The way that I see it, you just posted some incorrect reasons as to why one may not want to move a site to a VERY strict standard. So don't! Stay at XHTML 1.0 Strict (or god forbid, even transitional!)
If people like you don't make your pages compliant, then browsers will not be as compliant, becuase there is no need (See IE's CSS implementation)
So why do we follow standards, even if many others don't? Because they should.
The above message is an anti-anti-standards rant. Please note that I'm not trying to attack any one person.
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Compliance is only necessary if you want your page to look the same in all browsers and act the same way. It is important, but sometimes the effort needed to make a page W3C compliant may not be worth it to the developer. Time is money, and many professionals do not have the time to make every single aspect compliant, but to make sure the general look stays the same. Validation would only occur when completely new versions of the sites are made because no one is going to shell out the money to recode something that no one is going to notice. The problem is to get all people to use W3C standards, but that is never going to happen.
I like to compare web standards to English. As long as some people say "mash" and others say "push", but they still mean the same thing and nothing is going to change. Same with FONT tags...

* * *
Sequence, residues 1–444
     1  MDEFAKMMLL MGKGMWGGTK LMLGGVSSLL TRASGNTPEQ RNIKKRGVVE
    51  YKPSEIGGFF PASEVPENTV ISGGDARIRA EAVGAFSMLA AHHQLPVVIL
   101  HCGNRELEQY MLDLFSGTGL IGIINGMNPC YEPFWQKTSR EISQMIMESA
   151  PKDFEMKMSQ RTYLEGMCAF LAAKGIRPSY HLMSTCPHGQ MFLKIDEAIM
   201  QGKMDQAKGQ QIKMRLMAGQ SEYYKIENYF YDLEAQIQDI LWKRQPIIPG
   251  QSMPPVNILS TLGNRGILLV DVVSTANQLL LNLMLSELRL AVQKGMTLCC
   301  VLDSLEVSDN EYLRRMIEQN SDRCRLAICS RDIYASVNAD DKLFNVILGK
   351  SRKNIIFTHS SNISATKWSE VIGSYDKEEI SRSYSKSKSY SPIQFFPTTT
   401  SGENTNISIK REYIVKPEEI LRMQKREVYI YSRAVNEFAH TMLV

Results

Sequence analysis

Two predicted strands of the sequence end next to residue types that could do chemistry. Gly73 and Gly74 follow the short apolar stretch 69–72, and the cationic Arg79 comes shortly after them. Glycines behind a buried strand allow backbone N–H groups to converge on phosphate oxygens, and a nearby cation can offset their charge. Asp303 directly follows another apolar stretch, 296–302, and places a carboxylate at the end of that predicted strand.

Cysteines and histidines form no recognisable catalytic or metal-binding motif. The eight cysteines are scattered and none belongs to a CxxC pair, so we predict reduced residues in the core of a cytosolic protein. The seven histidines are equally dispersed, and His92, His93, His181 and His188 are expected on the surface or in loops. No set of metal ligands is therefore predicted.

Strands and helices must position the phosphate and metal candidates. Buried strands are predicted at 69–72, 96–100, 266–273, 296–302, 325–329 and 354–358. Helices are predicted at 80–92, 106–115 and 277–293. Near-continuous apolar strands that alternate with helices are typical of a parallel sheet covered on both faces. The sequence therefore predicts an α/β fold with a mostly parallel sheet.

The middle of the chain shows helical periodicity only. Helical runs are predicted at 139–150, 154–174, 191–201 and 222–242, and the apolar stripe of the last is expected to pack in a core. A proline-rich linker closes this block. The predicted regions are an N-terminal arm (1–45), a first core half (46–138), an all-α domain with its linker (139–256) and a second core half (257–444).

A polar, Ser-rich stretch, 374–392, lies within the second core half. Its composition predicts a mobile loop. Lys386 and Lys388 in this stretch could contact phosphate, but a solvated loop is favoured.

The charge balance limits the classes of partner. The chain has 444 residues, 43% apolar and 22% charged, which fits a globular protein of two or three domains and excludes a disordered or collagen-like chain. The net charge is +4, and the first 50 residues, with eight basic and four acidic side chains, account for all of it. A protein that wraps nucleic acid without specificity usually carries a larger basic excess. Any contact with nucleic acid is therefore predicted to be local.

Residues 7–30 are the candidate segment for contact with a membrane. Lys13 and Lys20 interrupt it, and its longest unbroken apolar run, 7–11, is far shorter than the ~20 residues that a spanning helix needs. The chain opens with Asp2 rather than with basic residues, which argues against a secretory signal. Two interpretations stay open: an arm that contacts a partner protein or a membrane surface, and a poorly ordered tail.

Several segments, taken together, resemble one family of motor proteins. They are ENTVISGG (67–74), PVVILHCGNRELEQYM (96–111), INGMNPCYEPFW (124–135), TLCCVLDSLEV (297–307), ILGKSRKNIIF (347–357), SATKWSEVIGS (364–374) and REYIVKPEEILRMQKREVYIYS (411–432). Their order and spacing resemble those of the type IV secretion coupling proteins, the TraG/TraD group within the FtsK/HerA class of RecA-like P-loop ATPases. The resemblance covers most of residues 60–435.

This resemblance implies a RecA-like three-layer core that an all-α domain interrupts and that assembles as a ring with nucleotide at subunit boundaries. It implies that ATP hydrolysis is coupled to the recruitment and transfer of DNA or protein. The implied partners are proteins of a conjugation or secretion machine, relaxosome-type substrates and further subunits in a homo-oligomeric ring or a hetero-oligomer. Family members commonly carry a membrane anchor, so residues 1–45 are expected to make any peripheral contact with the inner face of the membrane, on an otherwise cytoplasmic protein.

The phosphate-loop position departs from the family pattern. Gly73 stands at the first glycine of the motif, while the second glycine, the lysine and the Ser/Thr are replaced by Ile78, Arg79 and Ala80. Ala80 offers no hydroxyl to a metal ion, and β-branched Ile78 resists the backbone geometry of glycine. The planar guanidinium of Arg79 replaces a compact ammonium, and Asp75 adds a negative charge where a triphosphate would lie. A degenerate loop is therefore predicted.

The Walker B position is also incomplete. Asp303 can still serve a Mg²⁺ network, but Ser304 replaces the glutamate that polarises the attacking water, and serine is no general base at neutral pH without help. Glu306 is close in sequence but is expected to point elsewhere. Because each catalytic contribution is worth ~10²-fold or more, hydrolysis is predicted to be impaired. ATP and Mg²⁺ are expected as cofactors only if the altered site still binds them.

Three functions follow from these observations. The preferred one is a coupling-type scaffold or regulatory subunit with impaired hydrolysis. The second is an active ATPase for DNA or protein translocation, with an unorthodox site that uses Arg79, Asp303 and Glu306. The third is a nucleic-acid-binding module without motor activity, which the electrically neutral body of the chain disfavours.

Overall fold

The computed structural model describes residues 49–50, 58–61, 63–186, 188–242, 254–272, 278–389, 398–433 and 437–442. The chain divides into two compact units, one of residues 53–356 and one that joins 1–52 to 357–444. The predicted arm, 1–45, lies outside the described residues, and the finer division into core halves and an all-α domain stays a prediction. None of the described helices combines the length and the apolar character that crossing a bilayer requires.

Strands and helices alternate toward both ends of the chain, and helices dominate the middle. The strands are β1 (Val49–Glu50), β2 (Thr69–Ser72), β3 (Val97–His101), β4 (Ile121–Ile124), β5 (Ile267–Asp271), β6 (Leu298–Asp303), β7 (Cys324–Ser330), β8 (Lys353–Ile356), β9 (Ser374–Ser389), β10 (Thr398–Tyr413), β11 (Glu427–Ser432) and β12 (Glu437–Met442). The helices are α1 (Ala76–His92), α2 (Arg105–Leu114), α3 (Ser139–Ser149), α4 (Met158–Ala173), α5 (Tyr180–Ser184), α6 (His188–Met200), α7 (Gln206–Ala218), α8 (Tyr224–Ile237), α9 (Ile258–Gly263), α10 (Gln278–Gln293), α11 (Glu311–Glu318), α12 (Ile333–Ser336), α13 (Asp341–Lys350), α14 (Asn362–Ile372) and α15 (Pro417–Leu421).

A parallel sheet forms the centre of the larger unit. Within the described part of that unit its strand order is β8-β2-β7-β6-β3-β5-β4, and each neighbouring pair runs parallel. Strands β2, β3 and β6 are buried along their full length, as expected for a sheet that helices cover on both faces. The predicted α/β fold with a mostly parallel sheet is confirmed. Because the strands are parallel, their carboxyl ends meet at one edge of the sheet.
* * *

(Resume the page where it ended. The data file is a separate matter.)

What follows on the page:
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My question is, does anyone care about this at all? Does it really make a difference, since most browsers now know how to handle these sites anyway. Is it worth it?
If you declare a DOCTYPE, you should make sure that the page validates with that doctype, else the browser could choke. If you are going to write ill-formed HTML, don't declare a doctype.
The motivation behind moving towards valid HTML and CSS is largely due to the fact that there aren't that many static web sites any more. Most of the content is dynamically generated, if not at request time, then at the time the site is uploaded. The purpose of the newer HTML standards is to get people to start using HTML as a purely structural markup language. This has a number of benefits, including but not limited to: [ul] [*]Faster page loading time since there aren't dozens of redundant style tags. [*]Easier maintenance, more consistent layout. [*]Allows for better separation of structure from style in scripts/programs that generate HTML as well. [*]Sites are more accessible, since programs can reliably use the markup to understand the document structure. This makes search engines' jobs easier, and they will reward you. [*]You can later realize the benefits of XML/XSL-oriented frameworks such as Apache Cocoon that make your job much easier.[/ul] As for me personally, I do all my development with XHTML (among other XML schema). It has made my life so much easier.
There are a lots of reasons that some companies don't adhere to standards.One might be that fixing their sites to use the standards would be extremely costly. Another is that they are using third-party frameworks or tools that don't care about standards.
If I write an XHTML 1.1 Strict page (like they all are), then open it in IE5, it will work fine.
Not true. IE 5 will choke on the XML declaration, and it does not properly recognize the XHTML MIME type, "application/xhtml+xml". If you serve the page as text/html, it will not parse the document correctly.
Post edited by: igni ferroque, at: 2004/11/23 08:22